- Extended use of small doses has the opposite effect of relieving chronic diarrhea.
- The herb is bitter, diaphoretic, diuretic, emollient, mildly expectorant, galactogogue.
- An infusion made of bitter milkwort flowers can be used to treat upset stomach and even bladder and kidney conditions.
- Seneca Indians have made a tea from bitter milkwort as a remedy for coughs, sore throat and colds.
- It is used for insect bites and stings.
- Roots of the Bitter Milkwort are chewed and applied on the snake bitten area.
- Early tribes have used it to induce abortions.
- An old cure for indigestion, dyspepsia or liver problems is the Bitter Milkwort Wine.
- Healing herb is used to trace chickenpox.
Ayurvedic Health benefits of Bitter Milkwort
- Cough: Boil 4 tbsp leaves of Polygala Amara in one cup of water for 2-3 hrs. Cool and take one tbsp every 3 hrs. OR Boil 100 g of Polygala Amara root in ½ liter of wine. Boil it for 10 minutes. Allow it to cool for 2 hrs. and then decant. Drink one tsp 4 times a day.
- Bronchitis: Put 1 tsp of shredded, dried Polygala Amara in boiling water. Steep it for 20 minutes. Strain and drink it 4 to 5 times a day.
- Asthma: Add 1 ½ tbsp of dried powder of Polygala Amara in the boiling water. Steep it for 15 minutes. Strain and drink it 4-5 times a day.
- Expectorant: Mix 1 tbsp dry powder of Polygala Amara in 100 ml of boiling water. Allow it to cool for 15-20 minutes. Decant and drink it in 5 to 6 innings a day.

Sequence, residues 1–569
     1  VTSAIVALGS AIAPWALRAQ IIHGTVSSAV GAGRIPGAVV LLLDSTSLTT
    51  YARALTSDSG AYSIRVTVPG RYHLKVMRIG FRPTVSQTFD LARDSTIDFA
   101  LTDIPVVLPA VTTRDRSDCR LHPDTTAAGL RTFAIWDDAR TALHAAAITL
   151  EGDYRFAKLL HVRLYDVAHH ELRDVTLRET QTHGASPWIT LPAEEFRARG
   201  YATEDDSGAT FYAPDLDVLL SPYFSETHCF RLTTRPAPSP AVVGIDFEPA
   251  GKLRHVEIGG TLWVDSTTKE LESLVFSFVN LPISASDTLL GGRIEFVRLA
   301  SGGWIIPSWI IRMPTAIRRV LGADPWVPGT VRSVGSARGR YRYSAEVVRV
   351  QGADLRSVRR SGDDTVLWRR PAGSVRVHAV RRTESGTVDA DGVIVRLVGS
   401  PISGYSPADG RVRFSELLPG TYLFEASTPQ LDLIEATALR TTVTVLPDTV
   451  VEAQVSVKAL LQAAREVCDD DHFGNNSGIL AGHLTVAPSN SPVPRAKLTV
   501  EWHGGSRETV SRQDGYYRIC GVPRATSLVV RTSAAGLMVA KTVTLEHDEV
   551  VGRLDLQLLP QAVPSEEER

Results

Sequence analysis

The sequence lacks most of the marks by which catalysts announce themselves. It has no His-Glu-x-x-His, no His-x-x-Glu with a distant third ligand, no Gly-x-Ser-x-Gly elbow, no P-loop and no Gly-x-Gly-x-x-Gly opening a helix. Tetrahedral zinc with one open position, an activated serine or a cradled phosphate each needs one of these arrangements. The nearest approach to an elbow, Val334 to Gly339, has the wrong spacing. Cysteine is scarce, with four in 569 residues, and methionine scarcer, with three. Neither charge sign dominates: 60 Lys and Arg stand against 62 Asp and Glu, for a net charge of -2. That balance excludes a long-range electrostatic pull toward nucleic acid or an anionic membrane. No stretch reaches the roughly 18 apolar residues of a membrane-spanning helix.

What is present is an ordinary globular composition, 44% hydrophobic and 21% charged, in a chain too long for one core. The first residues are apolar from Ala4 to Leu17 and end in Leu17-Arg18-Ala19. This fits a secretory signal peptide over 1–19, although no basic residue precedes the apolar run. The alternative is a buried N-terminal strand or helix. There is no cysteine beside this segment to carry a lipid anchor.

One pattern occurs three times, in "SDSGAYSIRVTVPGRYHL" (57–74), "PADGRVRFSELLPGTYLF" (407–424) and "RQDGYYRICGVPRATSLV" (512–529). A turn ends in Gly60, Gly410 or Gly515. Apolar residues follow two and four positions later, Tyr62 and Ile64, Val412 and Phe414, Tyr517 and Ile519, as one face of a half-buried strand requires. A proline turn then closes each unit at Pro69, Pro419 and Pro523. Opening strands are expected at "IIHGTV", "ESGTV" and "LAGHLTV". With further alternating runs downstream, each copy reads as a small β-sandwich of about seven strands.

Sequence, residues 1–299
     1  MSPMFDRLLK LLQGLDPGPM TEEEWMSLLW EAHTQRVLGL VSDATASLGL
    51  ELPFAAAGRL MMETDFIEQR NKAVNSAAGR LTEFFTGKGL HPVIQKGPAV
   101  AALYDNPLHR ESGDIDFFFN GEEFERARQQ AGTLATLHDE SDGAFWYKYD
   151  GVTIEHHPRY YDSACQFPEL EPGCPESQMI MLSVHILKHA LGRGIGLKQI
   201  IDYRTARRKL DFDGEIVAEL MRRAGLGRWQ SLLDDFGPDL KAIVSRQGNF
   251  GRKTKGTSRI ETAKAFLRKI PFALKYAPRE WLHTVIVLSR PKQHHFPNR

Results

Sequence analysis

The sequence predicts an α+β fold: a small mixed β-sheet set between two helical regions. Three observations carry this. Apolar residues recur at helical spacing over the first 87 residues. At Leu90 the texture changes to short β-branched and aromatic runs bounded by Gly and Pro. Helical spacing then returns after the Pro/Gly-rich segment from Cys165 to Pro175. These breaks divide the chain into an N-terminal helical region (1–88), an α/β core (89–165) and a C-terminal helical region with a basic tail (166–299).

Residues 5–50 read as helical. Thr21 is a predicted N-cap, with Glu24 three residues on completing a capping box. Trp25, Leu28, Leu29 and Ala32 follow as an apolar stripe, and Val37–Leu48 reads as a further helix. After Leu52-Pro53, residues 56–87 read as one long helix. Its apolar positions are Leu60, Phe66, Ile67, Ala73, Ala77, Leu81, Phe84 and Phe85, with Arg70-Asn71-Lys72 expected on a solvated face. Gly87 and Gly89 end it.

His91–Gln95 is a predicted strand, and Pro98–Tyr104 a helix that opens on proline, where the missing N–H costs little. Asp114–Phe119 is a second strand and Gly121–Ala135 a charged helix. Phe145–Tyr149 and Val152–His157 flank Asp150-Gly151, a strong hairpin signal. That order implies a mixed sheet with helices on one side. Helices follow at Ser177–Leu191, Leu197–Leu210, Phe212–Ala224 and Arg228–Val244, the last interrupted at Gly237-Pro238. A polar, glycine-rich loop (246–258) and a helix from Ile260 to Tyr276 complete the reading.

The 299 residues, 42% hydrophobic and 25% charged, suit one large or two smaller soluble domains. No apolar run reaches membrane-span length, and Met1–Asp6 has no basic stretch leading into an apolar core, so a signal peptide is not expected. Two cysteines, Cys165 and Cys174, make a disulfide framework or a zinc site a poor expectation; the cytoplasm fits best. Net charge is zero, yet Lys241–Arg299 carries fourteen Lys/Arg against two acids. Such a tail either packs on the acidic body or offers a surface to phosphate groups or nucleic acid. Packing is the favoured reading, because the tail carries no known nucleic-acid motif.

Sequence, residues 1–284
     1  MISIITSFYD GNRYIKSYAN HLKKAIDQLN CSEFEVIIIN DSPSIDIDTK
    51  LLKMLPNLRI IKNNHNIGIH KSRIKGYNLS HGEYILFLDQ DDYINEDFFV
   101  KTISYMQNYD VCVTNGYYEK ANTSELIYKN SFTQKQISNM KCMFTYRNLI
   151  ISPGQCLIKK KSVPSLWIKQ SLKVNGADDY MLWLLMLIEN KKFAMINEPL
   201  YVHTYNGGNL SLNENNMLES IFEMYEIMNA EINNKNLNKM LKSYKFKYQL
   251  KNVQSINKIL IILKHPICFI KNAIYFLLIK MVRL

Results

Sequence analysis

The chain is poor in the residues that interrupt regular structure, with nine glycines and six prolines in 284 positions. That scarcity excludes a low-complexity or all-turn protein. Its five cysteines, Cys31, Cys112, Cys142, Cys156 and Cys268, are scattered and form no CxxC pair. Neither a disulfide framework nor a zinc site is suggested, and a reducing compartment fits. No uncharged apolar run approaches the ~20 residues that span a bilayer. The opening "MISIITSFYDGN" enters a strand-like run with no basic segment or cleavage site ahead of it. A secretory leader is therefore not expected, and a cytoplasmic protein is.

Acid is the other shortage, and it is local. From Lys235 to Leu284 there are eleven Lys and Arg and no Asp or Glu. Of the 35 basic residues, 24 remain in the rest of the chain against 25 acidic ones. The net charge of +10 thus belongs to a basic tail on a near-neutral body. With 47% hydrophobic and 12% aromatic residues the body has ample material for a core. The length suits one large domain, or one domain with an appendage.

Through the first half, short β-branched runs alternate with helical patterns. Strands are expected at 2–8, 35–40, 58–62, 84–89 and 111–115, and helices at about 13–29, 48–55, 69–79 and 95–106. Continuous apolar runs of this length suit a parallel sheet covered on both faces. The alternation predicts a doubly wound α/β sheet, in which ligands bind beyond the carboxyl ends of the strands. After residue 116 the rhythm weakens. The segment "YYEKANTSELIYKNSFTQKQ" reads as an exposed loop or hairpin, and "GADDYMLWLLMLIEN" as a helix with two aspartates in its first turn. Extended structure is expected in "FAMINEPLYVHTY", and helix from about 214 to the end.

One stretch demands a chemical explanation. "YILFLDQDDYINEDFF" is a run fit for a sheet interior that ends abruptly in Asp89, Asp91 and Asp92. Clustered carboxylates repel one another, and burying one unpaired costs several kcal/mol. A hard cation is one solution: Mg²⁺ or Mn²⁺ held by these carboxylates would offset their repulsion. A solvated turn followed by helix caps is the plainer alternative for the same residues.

- Whooping cough: Add 1 ½ tbsp of powdered Polygala Amara in a cup of water (200ml). Boil for 4 minutes. Leave it covered for 20 minutes. Strain and drink one tsp at a time when needed.
- Croup: Prepare a decoction of 2 g Polygala Amara in 300 ml of water. Boil for 5 minutes. Leave it covered for 10 minutes and then strain. Drink 3 cups in a day.
- Bitter milkwort is used medicinally but is not consumed as food.
- Dakota and Winnebago would carry the root into snake infested regions.
- Higher doses may lead to toxicity.
- High doses may result in vomiting and diarrhea.
- It should be taken with precautions by those suffering from gastritis and gastric ulcers, as it exacerbates mucosal inflammation in the segment of the gastrointestinal tract.
- The use of the herb should be avoided by pregnant women.
Preparation, Dosage and precautions
- For infusions: Add 1 tsp of dried plant (root and/or aerial parts) in a cup of hot boiled water. Drink 1 cup a day.
- For Decoction: Add 4 tbsp of dry leaves in ¾ cup of water and boil for at least 15 minutes. Take 1 tbsp every 3 hrs.
Dosing considerations for Bitter Milkwort
Appropriate dose of bitter milkwort depends on several factors such as the user’s age, health, and several other conditions. At this time there is not enough scientific information to determine an appropriate range of doses for bitter milkwort. Keep in mind that natural products are not always necessarily safe and dosages can be important. Be sure to follow relevant directions on product labels and consult your pharmacist or physician or other healthcare professional before using.